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What is it? Light and tangle makes it hard to say!
It’s most helpful to send a few pictures of different parts of the plant. Leaves, bark, twigs, buds, habit and flowers all help in figuring out accurate identifications. For the initial enquiry, you are the best judge of what stands out about the plant. Sometimes we need to ask for additional views of a surprising part of the plant to differentiate between similar species or cultivars . We will let you know!
If you are not certain what parts of the plant you should represent in your inquiry, consider whether any of the views suggested below seem to hold interesting or differentiating information about the plant's identity. Here are some of the features you should consider as well as some help in getting the most useful image.
Close ups of flowers from a few inches away can be a big help if the image is clear. For an inflorescence (a cluster of smaller flower), take an image of the entire inflorescence and also a closer images of some of the individual flowers. Also, showing where and how the flower emerges from the plant can yield some information.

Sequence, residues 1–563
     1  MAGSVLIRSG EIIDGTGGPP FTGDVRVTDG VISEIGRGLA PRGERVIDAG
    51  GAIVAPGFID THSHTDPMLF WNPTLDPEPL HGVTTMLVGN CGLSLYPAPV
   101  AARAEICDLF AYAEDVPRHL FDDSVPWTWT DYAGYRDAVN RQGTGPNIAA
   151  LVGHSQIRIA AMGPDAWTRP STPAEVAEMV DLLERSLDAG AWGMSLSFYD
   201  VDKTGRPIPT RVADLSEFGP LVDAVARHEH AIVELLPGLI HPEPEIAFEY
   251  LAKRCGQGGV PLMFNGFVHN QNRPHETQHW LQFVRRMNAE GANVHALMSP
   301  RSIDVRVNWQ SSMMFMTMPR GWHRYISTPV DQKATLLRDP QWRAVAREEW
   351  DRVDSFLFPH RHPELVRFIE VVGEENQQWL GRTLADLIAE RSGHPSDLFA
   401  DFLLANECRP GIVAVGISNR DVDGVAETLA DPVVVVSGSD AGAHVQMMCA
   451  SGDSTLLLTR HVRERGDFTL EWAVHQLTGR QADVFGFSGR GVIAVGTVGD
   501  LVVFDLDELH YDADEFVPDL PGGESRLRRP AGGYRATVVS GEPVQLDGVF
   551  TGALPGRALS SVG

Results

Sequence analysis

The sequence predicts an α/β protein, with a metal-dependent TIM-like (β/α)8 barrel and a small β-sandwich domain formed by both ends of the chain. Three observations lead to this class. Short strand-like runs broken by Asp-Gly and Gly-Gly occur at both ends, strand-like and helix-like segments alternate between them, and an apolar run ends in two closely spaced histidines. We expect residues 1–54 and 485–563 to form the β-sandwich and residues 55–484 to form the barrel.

The leaf holds many clues and has lots of points of interest to a horticulturalist. We may need to see the top of the leaf, bottom of the leaf (which frequently holds more clues than the top) and point of the leaf attachment to the stem; some leaves attach directly to the plant, some attach via a leaf stalk (called a petiole). If the leaf is a compound leaf made up of many smaller parts (leaflets), take a picture of the entire leaf and a close one of some leaflets. How the leaves attaches to the stem in relation to other leaves can be a very important clue.
Take the pictures from about one foot away or even slightly closer. Do not take the picture from a few feet away.
The image should be of the last few inches of the twig including the tip. Have the image fill up the frame without getting blurry.
These can often be the key for accurate ID. Persistent fruit can be especially important for winter identification when leaves are absent.
The habit is the general shape of the plant. Trees tend to have a tall habit with a slender trunk and then branching out. Roses have a shrub habit or climbing habit. A ground cover has a creeping habit. Seeing a picture taken back from the plant showing the entire habit can give clues about the identity.
The color of the sap can sometimes be used as an ID characteristic. For example, some plants in the Euphorbiaceae family have a milky white sap.
We are looking forward to recieving your questions about plant identification!